An hour and a half ago Prince played U Got The Look, a song that normally wouldn’t warrant a mention, in this case its that honky-tonk left hand of Prince that drives the rhythm and gives the song a great Ray Charles sound, and I think he acknowledges that influence later with a considered cover of Unchain My Heart. Prince knows the piano is the thing, and often resorts to just piano along in the show, the crowd enraptured. I didn’t want to miss a single note, and I am amply rewarded later when he sings a few lines of Erotic City. I’ll say that again, a few lines of Erotic City. It’s not much, but I’ll take it. That left hand is still banging on the keys, I just can’t forget the sound of it.

Condition Of The Heart came out again, this time the crowd in silence watching reverently as if at a classical performance. The piano was the hero for a long time, no longer being hammered, instead eyes shut moving from side to side Prince filled the hall with some playing that would be at home in any concert hall in the world. I would have shut my eyes and been transported away but I didn’t want to miss a thing.

An hour ago Prince hit me with one of the greatest 1,2,3 punches ever. The Ballad Of Dorthy Parker,  Something In The Water, Strange Relationship. Each one pulling different emotions and Prince loading his piano and singing with as much heart as he could muster. The first two were stunning in their beauty, and Strange Relationship coming as the redemption, the funk so strong. And a revelation as we watch Prince play, he wrote these songs like this, sitting alone at the piano. It’s a rare thing to see their roots laid out bare like this.

He teased us and toyed with us as he played a long How Come U Don’t Call Me Anymore. The crowd, me included, impatiently singing the first line while Prince was still repeating the intro, only for him to stop with a “Oh no you don’t” before starting over and reclaiming the line for himself.

Fifty minutes ago Prince played A Case Of U, a song I swore I would die if I ever heard live. I’m still here, but those minutes as Prince played and sung will stay with me for the rest of my life, and hopefully beyond.

Forty minutes ago Prince played a four songs off Purple Rain, culminating in the song itself, in what I thought would be the show closer. But then came one of those moments, planned or accidental I don’t know, that stick with you forever. Prince played the opening of Purple Rain, before something changed. The stars aligned, lightning struck and the evening became better than I could have every imagined. First he played The Love We Make, before segueing into The Ladder. Prince started to speak and sing and suddenly the concert seemed to melt away. No longer were we spectators watching Prince play his songs, now he was music personified and we were drawn into the very music itself. The music seemingly flowed out of him, all of it glorious, all of it uplifting and spiritual. People speak of the healing power of music, but here it was in action. The Ladder ebbed and flowed into Adore, the crowd singing along, but not too loudly lest we can’t hear Prince. A song that means so much to so many, here I am standing alone listening to it, and yet not alone – 2500 people sharing the same emotion and experience with me. The crowd lending their claps to the beat, and now all of us involved in making the music. The music continues to flow out of Prince, he isn’t even performing now, he is just a conduit for the songs themselves which seem to be coming from a higher place. Nothing Compares 2 U keeps the crowd quiet, yet involved, firstly clapping, and then Prince coaching us through the lyrics. Purple Rain comes quickly after, and then we get our final upswing to the finish.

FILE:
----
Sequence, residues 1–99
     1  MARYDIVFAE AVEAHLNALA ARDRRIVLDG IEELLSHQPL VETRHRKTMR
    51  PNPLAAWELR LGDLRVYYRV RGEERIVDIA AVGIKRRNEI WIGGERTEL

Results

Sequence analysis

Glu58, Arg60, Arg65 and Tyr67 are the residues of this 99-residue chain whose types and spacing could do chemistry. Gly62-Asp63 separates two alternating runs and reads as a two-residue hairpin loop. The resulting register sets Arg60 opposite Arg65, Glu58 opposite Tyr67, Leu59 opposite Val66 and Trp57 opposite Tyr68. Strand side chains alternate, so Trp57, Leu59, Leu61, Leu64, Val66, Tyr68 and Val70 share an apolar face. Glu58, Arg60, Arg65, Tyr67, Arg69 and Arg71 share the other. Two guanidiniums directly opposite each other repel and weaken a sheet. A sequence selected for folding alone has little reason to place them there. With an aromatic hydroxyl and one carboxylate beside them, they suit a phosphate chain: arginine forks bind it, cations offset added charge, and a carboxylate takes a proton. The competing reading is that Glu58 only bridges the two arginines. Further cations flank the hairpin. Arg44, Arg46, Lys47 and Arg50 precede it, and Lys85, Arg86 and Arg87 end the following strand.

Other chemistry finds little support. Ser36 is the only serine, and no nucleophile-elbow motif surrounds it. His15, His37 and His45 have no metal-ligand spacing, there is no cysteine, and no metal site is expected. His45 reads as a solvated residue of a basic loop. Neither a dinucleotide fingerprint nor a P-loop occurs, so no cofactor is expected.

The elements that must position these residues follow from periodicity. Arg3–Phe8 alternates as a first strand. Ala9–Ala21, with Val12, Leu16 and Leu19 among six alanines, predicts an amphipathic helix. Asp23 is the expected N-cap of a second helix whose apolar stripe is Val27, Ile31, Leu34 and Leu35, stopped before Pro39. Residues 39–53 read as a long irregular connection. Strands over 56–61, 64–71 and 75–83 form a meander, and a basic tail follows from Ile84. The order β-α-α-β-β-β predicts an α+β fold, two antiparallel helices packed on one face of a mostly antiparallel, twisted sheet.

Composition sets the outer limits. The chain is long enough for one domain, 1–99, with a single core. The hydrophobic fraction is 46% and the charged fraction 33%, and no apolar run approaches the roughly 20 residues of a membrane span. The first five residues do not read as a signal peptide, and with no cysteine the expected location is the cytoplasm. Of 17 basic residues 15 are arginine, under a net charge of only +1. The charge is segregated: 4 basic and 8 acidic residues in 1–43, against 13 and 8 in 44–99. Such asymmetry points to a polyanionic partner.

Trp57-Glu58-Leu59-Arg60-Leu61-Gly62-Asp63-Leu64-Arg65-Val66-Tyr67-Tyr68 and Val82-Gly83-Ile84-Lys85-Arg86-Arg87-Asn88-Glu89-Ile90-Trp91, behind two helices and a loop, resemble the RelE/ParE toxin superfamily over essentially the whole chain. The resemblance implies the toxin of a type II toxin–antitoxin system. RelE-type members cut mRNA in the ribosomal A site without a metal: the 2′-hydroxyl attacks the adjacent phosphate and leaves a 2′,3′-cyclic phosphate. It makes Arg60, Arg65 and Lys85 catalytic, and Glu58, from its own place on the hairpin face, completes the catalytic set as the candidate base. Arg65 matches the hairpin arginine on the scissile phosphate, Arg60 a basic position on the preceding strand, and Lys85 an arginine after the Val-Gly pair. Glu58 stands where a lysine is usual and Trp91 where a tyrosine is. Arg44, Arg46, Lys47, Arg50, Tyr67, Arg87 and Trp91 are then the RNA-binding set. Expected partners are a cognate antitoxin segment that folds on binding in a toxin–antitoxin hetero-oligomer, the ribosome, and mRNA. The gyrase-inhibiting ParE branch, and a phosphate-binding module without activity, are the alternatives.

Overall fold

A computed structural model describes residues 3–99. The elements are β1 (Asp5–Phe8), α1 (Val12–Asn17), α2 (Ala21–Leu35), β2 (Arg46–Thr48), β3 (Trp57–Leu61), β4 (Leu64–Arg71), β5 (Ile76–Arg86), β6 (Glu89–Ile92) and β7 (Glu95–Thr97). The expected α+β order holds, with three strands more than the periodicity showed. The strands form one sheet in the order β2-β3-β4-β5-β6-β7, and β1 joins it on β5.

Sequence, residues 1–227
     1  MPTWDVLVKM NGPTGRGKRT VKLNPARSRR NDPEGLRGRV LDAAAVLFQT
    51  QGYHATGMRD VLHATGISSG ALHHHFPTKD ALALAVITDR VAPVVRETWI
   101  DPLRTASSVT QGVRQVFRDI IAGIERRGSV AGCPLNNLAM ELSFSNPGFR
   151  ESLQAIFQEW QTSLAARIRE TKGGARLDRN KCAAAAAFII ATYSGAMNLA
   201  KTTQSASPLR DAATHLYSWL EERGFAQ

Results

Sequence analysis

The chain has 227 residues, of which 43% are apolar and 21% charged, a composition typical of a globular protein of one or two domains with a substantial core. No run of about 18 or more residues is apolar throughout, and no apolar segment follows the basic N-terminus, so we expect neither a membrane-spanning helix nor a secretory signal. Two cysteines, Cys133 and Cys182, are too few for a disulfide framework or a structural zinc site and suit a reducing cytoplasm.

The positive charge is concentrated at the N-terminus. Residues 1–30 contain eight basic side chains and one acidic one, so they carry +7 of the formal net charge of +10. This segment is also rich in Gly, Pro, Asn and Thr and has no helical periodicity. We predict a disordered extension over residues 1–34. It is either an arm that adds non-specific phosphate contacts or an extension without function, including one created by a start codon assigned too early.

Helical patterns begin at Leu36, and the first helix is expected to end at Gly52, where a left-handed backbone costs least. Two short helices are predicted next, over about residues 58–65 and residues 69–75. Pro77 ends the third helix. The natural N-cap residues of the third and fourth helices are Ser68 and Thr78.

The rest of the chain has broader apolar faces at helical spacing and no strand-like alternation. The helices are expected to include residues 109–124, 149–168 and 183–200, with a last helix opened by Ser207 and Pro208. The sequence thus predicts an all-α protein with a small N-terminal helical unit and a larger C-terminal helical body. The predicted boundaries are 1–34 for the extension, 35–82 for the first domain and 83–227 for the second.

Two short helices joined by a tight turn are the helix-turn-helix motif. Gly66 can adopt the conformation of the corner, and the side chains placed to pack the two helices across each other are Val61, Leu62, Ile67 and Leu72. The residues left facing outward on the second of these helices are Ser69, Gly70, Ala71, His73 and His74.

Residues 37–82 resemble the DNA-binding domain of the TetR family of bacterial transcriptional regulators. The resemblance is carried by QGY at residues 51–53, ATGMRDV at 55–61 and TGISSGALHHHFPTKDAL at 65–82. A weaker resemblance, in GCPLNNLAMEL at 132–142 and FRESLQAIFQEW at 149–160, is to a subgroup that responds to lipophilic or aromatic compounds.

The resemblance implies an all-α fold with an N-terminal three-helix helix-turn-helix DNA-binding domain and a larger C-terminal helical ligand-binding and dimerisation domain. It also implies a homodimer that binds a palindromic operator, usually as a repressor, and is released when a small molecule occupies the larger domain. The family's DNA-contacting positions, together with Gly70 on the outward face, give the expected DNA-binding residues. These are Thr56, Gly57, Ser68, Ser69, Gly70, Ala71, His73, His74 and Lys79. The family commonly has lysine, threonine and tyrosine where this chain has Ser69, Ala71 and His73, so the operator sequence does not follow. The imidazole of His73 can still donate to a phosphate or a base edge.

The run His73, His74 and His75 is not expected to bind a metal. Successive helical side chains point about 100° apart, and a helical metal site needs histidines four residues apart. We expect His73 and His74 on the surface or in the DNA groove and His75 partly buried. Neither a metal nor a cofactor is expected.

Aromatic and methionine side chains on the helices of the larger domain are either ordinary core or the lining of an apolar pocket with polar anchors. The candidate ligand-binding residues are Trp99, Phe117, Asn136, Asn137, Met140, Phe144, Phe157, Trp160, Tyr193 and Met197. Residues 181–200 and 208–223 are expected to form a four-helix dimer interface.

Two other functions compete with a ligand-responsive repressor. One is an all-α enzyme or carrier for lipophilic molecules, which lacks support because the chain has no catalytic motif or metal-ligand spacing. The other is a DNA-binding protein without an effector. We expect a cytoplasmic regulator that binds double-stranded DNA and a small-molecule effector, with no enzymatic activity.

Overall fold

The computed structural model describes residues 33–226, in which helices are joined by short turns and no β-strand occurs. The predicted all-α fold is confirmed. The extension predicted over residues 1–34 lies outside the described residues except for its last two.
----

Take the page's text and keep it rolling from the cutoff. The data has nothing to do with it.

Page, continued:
The last fifteen minutes will stay with me forever. First Kiss, I will always cherish this performance more than the song itself. Prince banging the keys, the top of the piano, the floor, anything to get that beat, that sound out. Like a man possessed by the muse herself, he would do anything to convey that sound, that feeling. And best of all, he swept me, all of us, up with him. All clapping stomping, singing, Prince was giving us his gift, the gift of music, to us all. Half Ray Charles, half Jerry Lee Lewis, he was feeling it and it was impossible not to go with him. Standing and stomping behind the piano, shaking his hips, he reclaimed rock n roll from Elvis and all that came after him. He took us back to the beginning, a man who was music itself driving out the songs, the beat.  Then to emphases this point further he picked up his stool and started banging it on the floor to create a new beat. Quickly picked up by the crowd I find I am a puddle of water as he plays the unreleased Purple Music.  The music pours down upon us,and I am having an out of body experience, I am literally beside myself at this point. I am not alone, all around my people are singing,clapping, dance, expressions of pure joy, no one the least bit self conscious. The hall takes on the feeling of one, and this spiritual moment is highlighted as Prince plays Free Urself, the crowd clapping and chanting to Princes call of “wheres the choir?” No longer a concert, it is now a rally, a congregation singing in unison. 2500 people have now become one, and Prince is no longer performing, he is guiding us and channeling the music through us. The song goes for ten minutes, but it might have well an hour, I was so lost in the moment. Prince skips from the stage, and we sing and clap Free Urself for a good few minutes afterwards, not wanting this show, this feeling, to ever end.

Twenty minutes ago I came back to my room, opened up my laptop and tried to record every moment of the show, trying not to forget a single thing about a show that is simply unforgettable.